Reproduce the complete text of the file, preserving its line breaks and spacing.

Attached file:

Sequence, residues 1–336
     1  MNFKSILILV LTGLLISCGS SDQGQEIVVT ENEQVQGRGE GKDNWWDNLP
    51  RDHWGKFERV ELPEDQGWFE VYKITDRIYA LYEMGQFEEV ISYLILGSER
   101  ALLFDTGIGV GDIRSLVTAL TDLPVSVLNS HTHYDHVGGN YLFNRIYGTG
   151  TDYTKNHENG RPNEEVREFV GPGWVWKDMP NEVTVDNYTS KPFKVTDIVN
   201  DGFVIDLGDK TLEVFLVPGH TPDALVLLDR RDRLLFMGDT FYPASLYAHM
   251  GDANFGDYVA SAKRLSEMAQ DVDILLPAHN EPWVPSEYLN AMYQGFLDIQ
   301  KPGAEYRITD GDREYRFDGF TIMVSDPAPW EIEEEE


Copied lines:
Sequence, residues 1–336
     1  MNFKSILILV LTGLLISCGS SDQGQEIVVT ENEQVQGRGE GKDNWWDNLP
    51  RDHWGKFERV ELPEDQGWFE VYKITDRIYA LYEMGQFEEV ISYLILGSER
   101  ALLFDTGIGV GDIRSLVTAL TDLPVSVLNS HTHYDHVGGN YLFNRIYGTG
   151  TDYTKNHENG RPNEEVREFV GPGWVWKDMP NEVTVDNYTS KPFKVTDIVN
   201  DGFVIDLGDK TLEVFLVPGH TPDALVLLDR RDRLLFMGDT FYPASLYAHM
   251  GDANFGDYVA SAKRLSEMAQ DVDILLPAHN EPWVPSEYLN AMYQGFLDIQ
   301  KPGAEYRITD GDREYRFDGF TIMVSDPAPW EIEEEE